Physical activity and fitness in children with developmental coordination disorder: A systematic review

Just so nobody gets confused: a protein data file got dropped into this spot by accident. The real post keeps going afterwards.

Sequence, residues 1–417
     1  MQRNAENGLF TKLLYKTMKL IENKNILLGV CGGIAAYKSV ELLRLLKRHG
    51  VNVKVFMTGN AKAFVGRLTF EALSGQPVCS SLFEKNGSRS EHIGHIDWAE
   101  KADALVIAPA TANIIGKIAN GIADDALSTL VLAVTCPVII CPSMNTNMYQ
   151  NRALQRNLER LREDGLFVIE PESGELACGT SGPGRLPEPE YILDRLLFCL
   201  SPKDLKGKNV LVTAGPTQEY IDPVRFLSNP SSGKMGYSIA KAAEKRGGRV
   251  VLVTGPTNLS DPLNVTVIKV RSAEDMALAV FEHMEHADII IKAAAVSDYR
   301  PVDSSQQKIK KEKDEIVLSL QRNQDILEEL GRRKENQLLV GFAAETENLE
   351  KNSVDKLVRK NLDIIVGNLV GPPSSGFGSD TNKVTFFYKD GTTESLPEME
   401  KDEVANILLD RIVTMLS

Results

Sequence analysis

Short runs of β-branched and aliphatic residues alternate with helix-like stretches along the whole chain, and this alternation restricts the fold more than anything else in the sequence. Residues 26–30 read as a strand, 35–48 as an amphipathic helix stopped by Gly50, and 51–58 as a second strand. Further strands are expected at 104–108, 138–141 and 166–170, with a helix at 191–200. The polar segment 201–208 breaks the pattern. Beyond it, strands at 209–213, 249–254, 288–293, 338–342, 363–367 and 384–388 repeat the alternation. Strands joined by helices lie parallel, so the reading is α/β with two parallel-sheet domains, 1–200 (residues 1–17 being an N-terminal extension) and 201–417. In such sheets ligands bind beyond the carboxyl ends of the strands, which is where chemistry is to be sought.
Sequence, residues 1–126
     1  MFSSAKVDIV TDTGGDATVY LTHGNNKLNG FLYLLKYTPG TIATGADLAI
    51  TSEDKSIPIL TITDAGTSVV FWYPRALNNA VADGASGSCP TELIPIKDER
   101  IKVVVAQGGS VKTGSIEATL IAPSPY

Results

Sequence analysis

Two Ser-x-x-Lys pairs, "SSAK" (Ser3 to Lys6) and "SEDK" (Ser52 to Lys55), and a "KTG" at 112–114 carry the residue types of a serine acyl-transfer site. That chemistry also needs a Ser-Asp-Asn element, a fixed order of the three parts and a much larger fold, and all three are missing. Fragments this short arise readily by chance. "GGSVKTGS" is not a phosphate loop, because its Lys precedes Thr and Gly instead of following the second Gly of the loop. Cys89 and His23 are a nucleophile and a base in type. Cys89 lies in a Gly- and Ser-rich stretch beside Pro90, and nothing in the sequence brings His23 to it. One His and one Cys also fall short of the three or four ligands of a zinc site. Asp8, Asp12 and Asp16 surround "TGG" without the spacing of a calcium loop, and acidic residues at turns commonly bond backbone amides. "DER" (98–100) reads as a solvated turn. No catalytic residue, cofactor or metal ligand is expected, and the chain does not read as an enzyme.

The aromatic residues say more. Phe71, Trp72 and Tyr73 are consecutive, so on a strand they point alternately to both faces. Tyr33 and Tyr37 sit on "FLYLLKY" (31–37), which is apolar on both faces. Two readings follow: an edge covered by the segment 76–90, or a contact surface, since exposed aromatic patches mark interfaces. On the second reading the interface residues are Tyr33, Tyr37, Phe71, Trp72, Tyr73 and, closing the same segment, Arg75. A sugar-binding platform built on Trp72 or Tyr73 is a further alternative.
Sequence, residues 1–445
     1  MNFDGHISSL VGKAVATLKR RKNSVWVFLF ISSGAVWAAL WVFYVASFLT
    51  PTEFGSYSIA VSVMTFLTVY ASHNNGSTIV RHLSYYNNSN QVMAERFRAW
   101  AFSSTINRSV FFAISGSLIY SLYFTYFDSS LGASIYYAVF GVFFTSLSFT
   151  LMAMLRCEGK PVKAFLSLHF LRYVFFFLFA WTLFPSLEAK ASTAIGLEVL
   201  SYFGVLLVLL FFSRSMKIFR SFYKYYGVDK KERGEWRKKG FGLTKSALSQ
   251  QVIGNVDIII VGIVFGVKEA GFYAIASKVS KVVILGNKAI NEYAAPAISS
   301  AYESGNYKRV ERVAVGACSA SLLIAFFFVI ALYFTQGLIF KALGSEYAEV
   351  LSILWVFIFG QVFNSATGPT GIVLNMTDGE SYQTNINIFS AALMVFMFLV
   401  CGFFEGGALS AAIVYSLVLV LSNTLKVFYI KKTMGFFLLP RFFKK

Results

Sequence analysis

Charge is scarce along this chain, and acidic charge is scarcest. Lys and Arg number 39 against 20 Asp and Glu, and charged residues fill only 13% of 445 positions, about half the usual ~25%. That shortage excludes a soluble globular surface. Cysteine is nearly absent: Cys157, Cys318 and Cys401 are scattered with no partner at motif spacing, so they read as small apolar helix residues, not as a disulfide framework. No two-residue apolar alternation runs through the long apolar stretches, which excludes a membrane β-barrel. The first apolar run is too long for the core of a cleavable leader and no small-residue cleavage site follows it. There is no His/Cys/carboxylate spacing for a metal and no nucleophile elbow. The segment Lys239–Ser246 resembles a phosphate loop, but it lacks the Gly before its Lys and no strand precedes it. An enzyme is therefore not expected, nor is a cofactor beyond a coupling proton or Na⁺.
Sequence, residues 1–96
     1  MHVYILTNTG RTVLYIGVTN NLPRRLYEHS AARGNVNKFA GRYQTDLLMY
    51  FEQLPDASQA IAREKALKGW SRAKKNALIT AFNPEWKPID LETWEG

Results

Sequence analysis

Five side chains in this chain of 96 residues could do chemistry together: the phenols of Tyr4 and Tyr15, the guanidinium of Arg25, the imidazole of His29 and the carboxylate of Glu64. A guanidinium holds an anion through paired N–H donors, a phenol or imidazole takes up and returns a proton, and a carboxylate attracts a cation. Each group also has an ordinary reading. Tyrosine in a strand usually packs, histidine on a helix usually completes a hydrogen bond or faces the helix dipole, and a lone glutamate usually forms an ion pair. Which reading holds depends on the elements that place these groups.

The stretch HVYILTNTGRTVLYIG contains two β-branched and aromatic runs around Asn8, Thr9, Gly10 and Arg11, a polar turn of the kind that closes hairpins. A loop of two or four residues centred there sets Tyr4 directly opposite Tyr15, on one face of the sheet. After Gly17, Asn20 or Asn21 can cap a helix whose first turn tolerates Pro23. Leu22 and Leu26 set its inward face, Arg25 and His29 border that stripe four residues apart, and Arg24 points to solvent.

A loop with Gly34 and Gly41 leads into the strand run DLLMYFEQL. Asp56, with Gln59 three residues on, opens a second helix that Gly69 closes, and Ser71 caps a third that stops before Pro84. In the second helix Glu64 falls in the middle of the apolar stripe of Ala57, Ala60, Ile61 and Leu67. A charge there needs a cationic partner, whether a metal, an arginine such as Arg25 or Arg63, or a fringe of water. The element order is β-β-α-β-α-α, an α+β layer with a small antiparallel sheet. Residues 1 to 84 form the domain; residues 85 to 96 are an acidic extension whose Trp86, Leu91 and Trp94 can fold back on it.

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Developmental coordination disorder (DCD) is a neurodevelopmental condition characterized by poor motor proficiency that interferes with a child's activities of daily living. Activities that most young children engage in such as running, walking, and jumping are important for the proper development of fitness and overall health. However, children with DCD usually find these activities challenging. A systematic review of the literature was conducted to synthesize the recent available data on fitness and physical activity in children with DCD, and to understand the extent of the differences between children with DCD and their typically developing peers. Systematic searches of electronic databases and reference lists identified 40 peer-reviewed studies meeting the inclusion criteria. These studies were reviewed in terms of: (a) study design, (b) population, (c) assessment tools, (d) measures, and (e) fitness and physical activity outcomes. It has been demonstrated that body composition, cardiorespiratory fitness, muscle strength and endurance, anaerobic capacity, power, and physical activity have all been negatively associated, to various degrees, with poor motor proficiency. However, differences in flexibility were not conclusive as the results on this parameter are mixed. Studies' limitations and the impact of results on future work are discussed.
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